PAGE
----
In high school back in the 1970s, I remember two good friends who were terrific performers. She soloed “Silent Night” in the annual high school Christmas program. He played Jesus in “Godspell.” They both loved the Christmas story and happy to join in on the celebration, even though they are both atheists.
I suppose their reasoning is the same as Professor Bart Ehrman gives for loving the Christmas/Jesus story, even though he is now an agnostic.
One of the things I haven’t lost, oddly enough, is my love of Christmas. I no longer believe the Christmas story told every year. I now know that the story of Jesus’ birth in the Gospel of Matthew is very different from the story in the Gospel of Luke, that their accounts are not simply differently nuanced, but factually at odds. And I know that we don’t have their original accounts, but only the accounts as handed down by scribes who often changed the accounts, making it sometimes impossible to know what the originals said. In one sense, I’ve lost something of the wonder of Jesus coming into the world, for I now realize that the biblical narratives are not history, but are in fact, stories.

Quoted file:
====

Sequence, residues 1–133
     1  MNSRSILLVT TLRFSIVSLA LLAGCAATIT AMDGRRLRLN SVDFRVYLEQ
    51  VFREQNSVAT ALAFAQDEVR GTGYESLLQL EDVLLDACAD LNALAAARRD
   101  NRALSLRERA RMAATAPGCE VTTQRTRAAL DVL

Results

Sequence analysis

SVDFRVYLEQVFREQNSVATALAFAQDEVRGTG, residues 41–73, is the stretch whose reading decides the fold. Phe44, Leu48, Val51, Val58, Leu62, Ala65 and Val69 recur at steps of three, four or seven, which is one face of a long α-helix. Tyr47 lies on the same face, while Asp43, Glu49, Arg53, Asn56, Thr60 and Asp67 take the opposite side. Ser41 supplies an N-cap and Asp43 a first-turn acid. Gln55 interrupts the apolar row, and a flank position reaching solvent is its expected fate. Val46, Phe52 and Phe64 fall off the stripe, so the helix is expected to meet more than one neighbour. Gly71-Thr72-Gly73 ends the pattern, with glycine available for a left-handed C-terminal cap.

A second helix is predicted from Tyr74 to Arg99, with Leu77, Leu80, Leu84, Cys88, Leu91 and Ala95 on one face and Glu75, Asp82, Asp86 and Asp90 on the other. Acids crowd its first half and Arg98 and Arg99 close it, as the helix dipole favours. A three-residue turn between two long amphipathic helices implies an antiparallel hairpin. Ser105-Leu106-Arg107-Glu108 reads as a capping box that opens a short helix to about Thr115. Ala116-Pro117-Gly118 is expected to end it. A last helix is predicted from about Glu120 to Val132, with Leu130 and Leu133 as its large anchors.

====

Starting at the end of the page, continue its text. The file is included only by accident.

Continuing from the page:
But they are beautiful stories. Angelic visitors, heavenly inspired dreams, miraculous works: a virgin conceives and bears a son! There are shepherds and wise men and wicked kings and murdering soldiers and near escapes; tragedy and salvation.
The stories live on, with or without my faith in them as history. And the meaning of the stories continues to touch me.
Wouldn’t it be awesome if more non-believers would join in on the joy and magic of the season?